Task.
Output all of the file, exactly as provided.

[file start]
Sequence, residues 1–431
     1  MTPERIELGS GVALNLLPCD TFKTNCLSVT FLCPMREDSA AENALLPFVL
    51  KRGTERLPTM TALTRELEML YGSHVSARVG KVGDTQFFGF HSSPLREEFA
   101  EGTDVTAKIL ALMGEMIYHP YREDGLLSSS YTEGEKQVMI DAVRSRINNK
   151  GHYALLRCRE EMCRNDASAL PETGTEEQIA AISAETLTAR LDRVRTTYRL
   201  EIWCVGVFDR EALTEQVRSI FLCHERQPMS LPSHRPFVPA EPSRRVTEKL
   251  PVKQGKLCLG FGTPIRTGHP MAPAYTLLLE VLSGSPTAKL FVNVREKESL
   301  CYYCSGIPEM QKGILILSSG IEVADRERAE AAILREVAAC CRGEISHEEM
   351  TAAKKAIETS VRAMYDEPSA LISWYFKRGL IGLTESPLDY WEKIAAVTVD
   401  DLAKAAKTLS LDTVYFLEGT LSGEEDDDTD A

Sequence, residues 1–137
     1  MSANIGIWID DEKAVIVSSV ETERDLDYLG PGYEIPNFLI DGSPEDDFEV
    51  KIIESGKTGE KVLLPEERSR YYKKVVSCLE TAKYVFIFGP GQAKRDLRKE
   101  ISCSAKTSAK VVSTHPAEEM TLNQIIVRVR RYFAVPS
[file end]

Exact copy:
Sequence, residues 1–431
     1  MTPERIELGS GVALNLLPCD TFKTNCLSVT FLCPMREDSA AENALLPFVL
    51  KRGTERLPTM TALTRELEML YGSHVSARVG KVGDTQFFGF HSSPLREEFA
   101  EGTDVTAKIL ALMGEMIYHP YREDGLLSSS YTEGEKQVMI DAVRSRINNK
   151  GHYALLRCRE EMCRNDASAL PETGTEEQIA AISAETLTAR LDRVRTTYRL
   201  EIWCVGVFDR EALTEQVRSI FLCHERQPMS LPSHRPFVPA EPSRRVTEKL
   251  PVKQGKLCLG FGTPIRTGHP MAPAYTLLLE VLSGSPTAKL FVNVREKESL
   301  CYYCSGIPEM QKGILILSSG IEVADRERAE AAILREVAAC CRGEISHEEM
   351  TAAKKAIETS VRAMYDEPSA LISWYFKRGL IGLTESPLDY WEKIAAVTVD
   401  DLAKAAKTLS LDTVYFLEGT LSGEEDDDTD A

Sequence, residues 1–137
     1  MSANIGIWID DEKAVIVSSV ETERDLDYLG PGYEIPNFLI DGSPEDDFEV
    51  KIIESGKTGE KVLLPEERSR YYKKVVSCLE TAKYVFIFGP GQAKRDLRKE
   101  ISCSAKTSAK VVSTHPAEEM TLNQIIVRVR RYFAVPS